June 27, 2014
Autistic Drivers Encounter Greater Challenges Behind The Wheel
Brett Smith for redOrbit.com - Your Universe Online
“Previous research in my lab has included extensive research in driving capacity with people who have a variety of conditions such as multiple sclerosis or who had experienced traumatic brain injury,” said study co-author Maria Schultheis, an associate professor of psychology at Drexel. “When we investigate whether and under what circumstances a condition or neurological difference might affect driving ability, as a standard starting point we want to go to individuals and find out from their perspective what problems they are having on the road, in their real-world experience.”
The researchers noted that previous studies on drivers with autism focused on adolescents and relied on parent surveys and evaluations – as opposed to the self-reporting methods they used. The study team said they used a validated survey for driving studies to interview licensed drivers with autism about their experiences.
“We were beginning to see discussion in the research literature that aspects of autism spectrum disorders, such as neurocognitive challenges and social recognition difficulties, could make it likely that members of this population would experience significant challenges with driving,” said study author Brian Daly, an assistant professor of psychology in Drexel. “But that assumption hadn’t been studied in adult drivers, or based on the experiences of the drivers themselves – so these were the questions we explored.”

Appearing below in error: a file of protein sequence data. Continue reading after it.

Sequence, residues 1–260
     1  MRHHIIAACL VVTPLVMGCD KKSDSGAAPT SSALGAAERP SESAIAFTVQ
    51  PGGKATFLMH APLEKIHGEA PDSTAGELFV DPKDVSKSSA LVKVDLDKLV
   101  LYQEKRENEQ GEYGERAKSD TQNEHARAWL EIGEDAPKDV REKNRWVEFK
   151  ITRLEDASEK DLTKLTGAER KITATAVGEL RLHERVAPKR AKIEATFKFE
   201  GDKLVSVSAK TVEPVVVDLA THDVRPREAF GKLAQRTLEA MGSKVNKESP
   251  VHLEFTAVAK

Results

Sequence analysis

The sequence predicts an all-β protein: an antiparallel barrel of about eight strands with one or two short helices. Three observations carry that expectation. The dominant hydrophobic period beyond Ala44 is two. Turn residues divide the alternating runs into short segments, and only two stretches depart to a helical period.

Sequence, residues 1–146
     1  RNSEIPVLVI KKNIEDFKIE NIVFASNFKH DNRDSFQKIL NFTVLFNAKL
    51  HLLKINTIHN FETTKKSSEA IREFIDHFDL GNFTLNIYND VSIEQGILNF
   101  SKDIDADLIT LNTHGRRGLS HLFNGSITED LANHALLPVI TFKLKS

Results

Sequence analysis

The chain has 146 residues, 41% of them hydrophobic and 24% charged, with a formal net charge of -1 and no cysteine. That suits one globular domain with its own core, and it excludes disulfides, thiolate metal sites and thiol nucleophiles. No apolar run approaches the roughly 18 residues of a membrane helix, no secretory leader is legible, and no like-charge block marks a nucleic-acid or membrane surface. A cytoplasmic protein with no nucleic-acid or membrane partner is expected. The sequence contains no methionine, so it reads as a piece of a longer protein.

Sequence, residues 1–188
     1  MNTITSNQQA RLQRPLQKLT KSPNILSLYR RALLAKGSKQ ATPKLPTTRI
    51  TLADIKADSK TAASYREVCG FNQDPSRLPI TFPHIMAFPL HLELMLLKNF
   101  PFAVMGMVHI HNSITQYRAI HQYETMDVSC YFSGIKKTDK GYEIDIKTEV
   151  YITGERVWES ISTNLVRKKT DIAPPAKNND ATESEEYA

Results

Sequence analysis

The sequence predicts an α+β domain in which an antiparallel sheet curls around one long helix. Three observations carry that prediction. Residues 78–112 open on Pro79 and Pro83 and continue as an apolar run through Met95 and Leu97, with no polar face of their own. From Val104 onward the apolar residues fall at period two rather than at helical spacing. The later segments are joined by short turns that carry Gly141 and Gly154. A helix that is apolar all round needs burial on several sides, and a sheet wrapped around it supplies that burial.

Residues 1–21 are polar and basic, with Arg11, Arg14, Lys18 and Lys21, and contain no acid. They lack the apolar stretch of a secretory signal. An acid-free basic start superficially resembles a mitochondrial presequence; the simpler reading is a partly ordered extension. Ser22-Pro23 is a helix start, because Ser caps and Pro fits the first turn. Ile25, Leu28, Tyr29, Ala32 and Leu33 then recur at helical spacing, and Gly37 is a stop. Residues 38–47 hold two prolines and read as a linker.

The survey, which included 78 respondents with autism and 94 non-autistic respondents, found adults with autism spectrum disorders reported getting their drivers’ licenses later in life, driving less often and adding more constraints on their own driving – including keeping away from roadways or driving at night. The respondents with autism also admitted to having more traffic violations than non-autistic drivers.
The researchers pointed out that the contrasts they discovered were open to multiple possible interpretations. Autistic adults may have reported restricting their behaviors out of self-awareness or due to actual deficiencies in their driving. These difficulties and/or decreased driving could also explain the greater rate of reported violations.
The study team said respondents with autism could simply just be more honest than respondents without the condition.
“In driving research, it’s well established that people have a positive bias when reporting their own driving skills,” Schultheis said. “Because the study relied on self-reported answers, we can’t rule out whether the respondents with autism were simply being more descriptive and honest about their difficulties than the control group.”
The researchers also noted that difficulties reported by those with autism didn’t focus on one particular area of driving – such as reaction time.
“It suggests that the challenges these individuals are facing are more global than specific,” Daly said.
“This is a first step toward identifying, categorizing and quantifying challenges that may exist in this population,” Schultheis concluded. “What we find will help determine what needs there may be for interventions, from driver education programs to different kinds of training exposures.”